December 11th, 2008 by Rightsideup

This article reminds me of the analysis I did a while back on VPs who subsequently run for president. Sounds like the track record for mid-term appointees to the Senate is similar to that for VPs who try to move up a seat:

[New York Governor] Paterson kept talking and displayed why he is fast gaining a reputation as a governor who’s not only forthright and smart, but refreshingly analytical:

Interestingly enough, I was reading that there have been, there have been, I think in the last century, over 80 times when governors have had to appoint senators. And since 1960, there have been 48. Of the 48, 10 have just decided to serve out the term and not run for election. Of the 38 that ran for election, only 18 won. So, less than half actually won. So, as I think about that, because of the precious nature of seniority in Washington, I’m hoping that a candidate that I select would win in 2010. Because what’s very key in the U.S. Senate, and what the U.S. senators that I’ve spoken to have apprised me, is that seniority is very important.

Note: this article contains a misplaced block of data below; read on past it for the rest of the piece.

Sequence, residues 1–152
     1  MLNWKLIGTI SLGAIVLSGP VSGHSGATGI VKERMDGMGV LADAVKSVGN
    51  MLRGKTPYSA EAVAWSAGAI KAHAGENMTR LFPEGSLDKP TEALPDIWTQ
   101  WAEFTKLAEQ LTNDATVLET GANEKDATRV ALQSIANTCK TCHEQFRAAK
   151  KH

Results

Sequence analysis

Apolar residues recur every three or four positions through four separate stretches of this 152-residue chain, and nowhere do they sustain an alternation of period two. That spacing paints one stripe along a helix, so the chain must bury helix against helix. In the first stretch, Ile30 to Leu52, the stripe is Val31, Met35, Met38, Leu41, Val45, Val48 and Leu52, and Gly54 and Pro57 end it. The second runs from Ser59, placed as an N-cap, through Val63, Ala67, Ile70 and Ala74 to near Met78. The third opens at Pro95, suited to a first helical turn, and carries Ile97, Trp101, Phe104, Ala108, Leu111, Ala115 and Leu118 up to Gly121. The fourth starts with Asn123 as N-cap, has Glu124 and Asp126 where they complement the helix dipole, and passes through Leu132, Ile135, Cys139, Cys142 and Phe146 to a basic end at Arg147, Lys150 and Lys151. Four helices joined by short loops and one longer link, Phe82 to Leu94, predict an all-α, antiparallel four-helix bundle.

I believe the going rate for re-election of sitting U.S. senators is about 90 percent. So, if Paterson’s reading of history is correct, a less-than-50 percent re-election rate for this subset of incumbents would seem to be a pretty good indication that they were pretty unimpressive. By announcing this fact, Paterson may have just made his own task a bit harder, but he sounds wise enough to handle it.

On that basis, the Republicans may well have a better shot than thought at the Illinois senate seat when the appointee comes up for re-election.